An initiative entertains limited children
Santiago de Chile (EFE) – In Pine, a small town south of Santiago de Chile, children run across the street as they hear the horn. If it’s Wednesday, you’re in luck: It’s the day Lightning McQueen and the Met, from the Pixar movie “Cars,” make their way to entertain the little ones during the pandemic.
It is a project by Ramón Sandoval, a car fanatic, mechanic and collector, who had the idea to recreate the film’s protagonist in life size and “give back the illusion” to people in times of crisis.
“The pandemic has touched us all and you just want to see the kids excited. Give them that magic back,” explains Chili, who also works as a volunteer firefighter.
Hardly anyone makes a caravan and no one bothers, Sandoval admits, but when the hero of “Cars” takes the road to this picturesque town or one of the nearby municipalities, time stops on the roads. .
Children crowd the sidewalk and cars blow horns at the same time. The successful imitation has captivated hundreds of individuals and entire families visiting the mechanic’s workshop, which now resembles a showroom.
It all started in 2019, when a friend gave him an old truck, which they restored with their 12-year-old son, to turn it into the film’s co-star Mate. In just a few days, the car already became popular and went viral on social networks.
“A story was made in the neighborhood: The Met was looking for their best friend. All the pines went out of their way to help me build Rayo and we succeeded,” recalls Sandoval, who initially Did this with a Corvette which he later replaced with a Mustang.
With the advent of the pandemic, the mechanic was able to devote himself completely to what has always been his passion: fixing old cars and there are already 11 in the collection, some salvaged or given away and others brought in from abroad. Gone.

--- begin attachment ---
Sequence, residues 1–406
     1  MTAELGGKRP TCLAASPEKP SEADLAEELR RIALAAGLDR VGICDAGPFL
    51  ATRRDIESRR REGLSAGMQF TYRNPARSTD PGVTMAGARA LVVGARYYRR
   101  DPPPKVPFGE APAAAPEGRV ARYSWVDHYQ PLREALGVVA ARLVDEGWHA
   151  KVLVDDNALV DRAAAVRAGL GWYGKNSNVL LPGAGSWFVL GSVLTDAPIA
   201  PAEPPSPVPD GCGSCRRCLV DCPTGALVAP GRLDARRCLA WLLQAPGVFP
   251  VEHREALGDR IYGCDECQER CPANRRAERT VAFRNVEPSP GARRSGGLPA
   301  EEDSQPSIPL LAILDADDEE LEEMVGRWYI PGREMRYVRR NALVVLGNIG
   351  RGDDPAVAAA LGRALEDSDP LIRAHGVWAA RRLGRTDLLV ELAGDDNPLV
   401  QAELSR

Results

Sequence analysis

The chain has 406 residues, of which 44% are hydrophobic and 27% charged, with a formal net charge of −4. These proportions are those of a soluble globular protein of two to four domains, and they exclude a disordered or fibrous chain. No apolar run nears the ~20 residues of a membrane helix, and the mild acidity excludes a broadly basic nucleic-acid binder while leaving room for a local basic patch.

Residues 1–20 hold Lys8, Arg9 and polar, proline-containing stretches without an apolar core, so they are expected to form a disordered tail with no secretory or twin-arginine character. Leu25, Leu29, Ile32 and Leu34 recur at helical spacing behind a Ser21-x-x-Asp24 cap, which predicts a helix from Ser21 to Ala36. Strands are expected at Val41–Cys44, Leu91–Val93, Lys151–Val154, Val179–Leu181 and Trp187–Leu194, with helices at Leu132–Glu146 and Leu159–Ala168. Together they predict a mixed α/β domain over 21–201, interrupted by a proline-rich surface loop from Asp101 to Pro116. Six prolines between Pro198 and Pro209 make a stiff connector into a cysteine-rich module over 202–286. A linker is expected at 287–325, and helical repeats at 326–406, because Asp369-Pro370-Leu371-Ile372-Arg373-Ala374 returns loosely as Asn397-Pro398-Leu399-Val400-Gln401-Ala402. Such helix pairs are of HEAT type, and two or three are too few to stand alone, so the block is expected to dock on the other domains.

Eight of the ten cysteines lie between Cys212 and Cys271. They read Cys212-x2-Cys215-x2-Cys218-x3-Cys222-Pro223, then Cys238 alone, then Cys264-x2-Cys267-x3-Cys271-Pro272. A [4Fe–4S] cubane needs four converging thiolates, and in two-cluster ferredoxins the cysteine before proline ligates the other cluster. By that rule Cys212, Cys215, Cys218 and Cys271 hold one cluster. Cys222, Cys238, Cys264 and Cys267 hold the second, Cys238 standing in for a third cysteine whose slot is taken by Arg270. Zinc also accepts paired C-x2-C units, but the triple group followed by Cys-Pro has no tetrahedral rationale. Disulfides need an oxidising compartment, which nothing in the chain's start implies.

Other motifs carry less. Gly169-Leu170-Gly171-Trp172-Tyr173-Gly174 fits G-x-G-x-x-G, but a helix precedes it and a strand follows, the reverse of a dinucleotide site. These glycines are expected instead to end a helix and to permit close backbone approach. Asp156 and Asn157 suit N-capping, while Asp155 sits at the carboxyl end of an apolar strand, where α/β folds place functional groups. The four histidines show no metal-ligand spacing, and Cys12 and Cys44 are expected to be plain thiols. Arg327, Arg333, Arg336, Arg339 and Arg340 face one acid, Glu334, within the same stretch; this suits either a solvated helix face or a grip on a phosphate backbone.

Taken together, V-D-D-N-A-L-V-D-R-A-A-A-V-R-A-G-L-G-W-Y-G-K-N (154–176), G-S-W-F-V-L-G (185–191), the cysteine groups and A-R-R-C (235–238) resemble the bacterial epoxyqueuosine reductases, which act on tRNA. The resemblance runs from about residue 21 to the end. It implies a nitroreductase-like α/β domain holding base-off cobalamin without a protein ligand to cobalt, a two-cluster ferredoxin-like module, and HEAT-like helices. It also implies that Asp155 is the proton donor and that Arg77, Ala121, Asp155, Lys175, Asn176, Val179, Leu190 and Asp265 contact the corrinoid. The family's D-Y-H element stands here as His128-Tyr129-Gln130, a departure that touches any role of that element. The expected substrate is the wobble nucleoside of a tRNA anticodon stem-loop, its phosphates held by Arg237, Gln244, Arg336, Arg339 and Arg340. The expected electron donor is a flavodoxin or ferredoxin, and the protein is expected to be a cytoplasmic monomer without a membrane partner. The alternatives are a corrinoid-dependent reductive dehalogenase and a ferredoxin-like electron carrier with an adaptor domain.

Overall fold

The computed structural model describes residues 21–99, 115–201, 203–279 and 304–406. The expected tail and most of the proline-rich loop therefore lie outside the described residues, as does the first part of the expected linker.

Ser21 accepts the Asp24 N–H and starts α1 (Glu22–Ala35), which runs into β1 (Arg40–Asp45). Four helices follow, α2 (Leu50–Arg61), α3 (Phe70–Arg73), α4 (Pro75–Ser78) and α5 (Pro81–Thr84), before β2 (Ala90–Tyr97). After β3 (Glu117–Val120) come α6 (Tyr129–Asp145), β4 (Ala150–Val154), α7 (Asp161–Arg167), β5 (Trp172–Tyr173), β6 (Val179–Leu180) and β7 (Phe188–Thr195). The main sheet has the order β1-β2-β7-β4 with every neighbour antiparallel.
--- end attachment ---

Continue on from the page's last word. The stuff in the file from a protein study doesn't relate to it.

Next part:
Set entirely in a world full of talking cars, the story of Lightning McQueen, which was nominated for two Oscars in 2004, is a lesson in sportsmanship and friendship that grows largely in an abandoned city in the desert of the United States. Happens in Radiator Springs.
As in the film, in which racing champion Lightning McQueen brings the town back to life, Sandoval brings back the confusion with his cars to Pine, a rural municipality that has been abandoned for 100 days in a row during the pandemic.
“Finally I could see the Met and Rayo. Now we can’t go to school and we get so bored. At least I have a good time here,” says 5-year-old Renato, who came to see the car show with his family was.
Since last March, Chile has experienced a new wave of COVID-19 infections that keeps the health system on the ropes. Since then, non-essential shops and schools have been closed in most parts of the country. On a voluntary basis, caravans have visited children’s hospitals and at Christmas and carnivals as a surefire way to entertain children.
“People understand that giving happiness to the little ones is incomparable. For us, these cars are a simple thing, painted vehicles, but for a child it can change his life”.